SwissPost, Switzerland’s national postal service, and Swisscom, the state-owned telecom provider, have announced plans to team up and develop a private blockchain platform designed to meet the high security levels required by banks and to assist in securing applications such as maintaining temperature measurement data during the transport of pharmaceuticals. In Barcelona, Spain, last week, Sirin Labs unveiled the final design of its blockchain phone, the Finney. The Finney will start shipping in late December and seeks to make decentralized applications and cryptocurrency platforms easier to use through functions like automated conversion between various cryptocurrencies.

Earlier this week, one of the top five hospitals in the U.S. announced plans to collaborate with Korean blockchain startup MediBloc to develop a secure solution for health information exchange that supports data sharing. Ultimately, MediBloc aims to develop a tool that would convert data held by hospitals, research bodies, and insurance and pharmaceutical companies into a universal format. Eight medical institutions across Asia and 14 tech companies are presently signed up to test MediBloc’s system.

In patent technology news, a U.S.-based global tech giant recently won a patent connected to a chip that reduces by 15 percent the amount of power needed for cryptocurrency mining operations. The patented chip would be smaller than those currently used by cryptocurrency miners and would promote energy-efficient, high-performance mining. Meanwhile, a U.S.-based multinational vehicle manufacturer and distributor published a patent application this week that discusses the use of a distributed ledger to store data and facilitate information sharing between vehicles.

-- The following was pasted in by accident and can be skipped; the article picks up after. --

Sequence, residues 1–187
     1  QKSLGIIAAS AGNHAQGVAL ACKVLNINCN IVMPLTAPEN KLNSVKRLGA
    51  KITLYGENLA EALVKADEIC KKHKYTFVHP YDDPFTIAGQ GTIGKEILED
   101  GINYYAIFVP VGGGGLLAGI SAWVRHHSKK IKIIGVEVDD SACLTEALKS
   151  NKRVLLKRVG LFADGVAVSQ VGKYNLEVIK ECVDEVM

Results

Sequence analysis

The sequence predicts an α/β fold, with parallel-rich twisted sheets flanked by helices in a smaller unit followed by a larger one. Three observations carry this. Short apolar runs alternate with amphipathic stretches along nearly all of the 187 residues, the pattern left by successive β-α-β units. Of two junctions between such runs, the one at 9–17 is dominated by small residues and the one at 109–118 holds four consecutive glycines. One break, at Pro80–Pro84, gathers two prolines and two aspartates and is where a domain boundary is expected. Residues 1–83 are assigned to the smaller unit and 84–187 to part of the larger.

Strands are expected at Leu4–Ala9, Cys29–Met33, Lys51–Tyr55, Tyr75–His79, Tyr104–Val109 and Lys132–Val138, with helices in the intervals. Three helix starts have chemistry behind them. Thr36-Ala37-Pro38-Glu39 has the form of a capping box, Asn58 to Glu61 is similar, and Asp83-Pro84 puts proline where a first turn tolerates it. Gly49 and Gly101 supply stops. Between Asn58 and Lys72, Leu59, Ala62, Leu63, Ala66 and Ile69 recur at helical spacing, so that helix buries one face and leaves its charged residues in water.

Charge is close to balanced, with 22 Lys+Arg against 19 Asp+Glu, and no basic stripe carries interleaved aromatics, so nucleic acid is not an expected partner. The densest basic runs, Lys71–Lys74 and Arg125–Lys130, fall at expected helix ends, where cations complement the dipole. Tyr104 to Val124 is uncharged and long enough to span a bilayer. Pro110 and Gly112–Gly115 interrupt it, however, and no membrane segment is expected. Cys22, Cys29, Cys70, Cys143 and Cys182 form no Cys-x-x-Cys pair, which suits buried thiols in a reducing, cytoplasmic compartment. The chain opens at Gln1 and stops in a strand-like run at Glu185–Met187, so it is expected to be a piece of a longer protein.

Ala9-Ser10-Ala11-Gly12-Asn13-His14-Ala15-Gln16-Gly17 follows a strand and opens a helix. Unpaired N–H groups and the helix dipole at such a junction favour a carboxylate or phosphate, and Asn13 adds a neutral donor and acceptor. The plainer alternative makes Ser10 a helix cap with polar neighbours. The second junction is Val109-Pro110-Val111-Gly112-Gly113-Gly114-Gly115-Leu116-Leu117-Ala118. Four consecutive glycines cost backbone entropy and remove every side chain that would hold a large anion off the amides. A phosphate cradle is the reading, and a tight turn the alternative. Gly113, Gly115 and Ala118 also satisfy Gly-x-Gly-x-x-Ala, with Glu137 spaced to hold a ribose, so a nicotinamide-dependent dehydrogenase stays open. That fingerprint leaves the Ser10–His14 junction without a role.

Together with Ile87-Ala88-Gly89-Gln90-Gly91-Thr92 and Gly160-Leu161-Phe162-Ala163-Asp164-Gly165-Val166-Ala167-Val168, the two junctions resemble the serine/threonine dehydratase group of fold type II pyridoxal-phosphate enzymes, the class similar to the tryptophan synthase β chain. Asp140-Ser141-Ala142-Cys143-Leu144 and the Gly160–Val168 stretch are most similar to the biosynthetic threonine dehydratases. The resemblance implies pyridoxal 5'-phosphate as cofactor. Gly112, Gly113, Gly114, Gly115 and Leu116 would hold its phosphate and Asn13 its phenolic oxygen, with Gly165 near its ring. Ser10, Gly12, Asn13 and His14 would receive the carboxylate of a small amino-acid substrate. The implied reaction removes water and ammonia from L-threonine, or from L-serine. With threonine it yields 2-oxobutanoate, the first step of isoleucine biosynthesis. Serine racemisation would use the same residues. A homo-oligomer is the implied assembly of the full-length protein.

According to a recent report, various Ohio venture funds will invest more than $300 million over the next three years in early-stage startups that focus on using blockchain technology for business or government. And Hyperledger recently launched a cryptographic library, Ursa, as a new tool for developers in the open source space. Ursa aims to avoid duplication of development efforts among blockchain developers by serving as a single repository of cryptographic implementations.

For more information, please check out the following links:

Regulation, Investment and a Bad Week for Bitcoin: Blockchain and Cryptocurrency Capital Markets Developments

By: Jonathan D. Blattmachr and Robert A. Musiala Jr.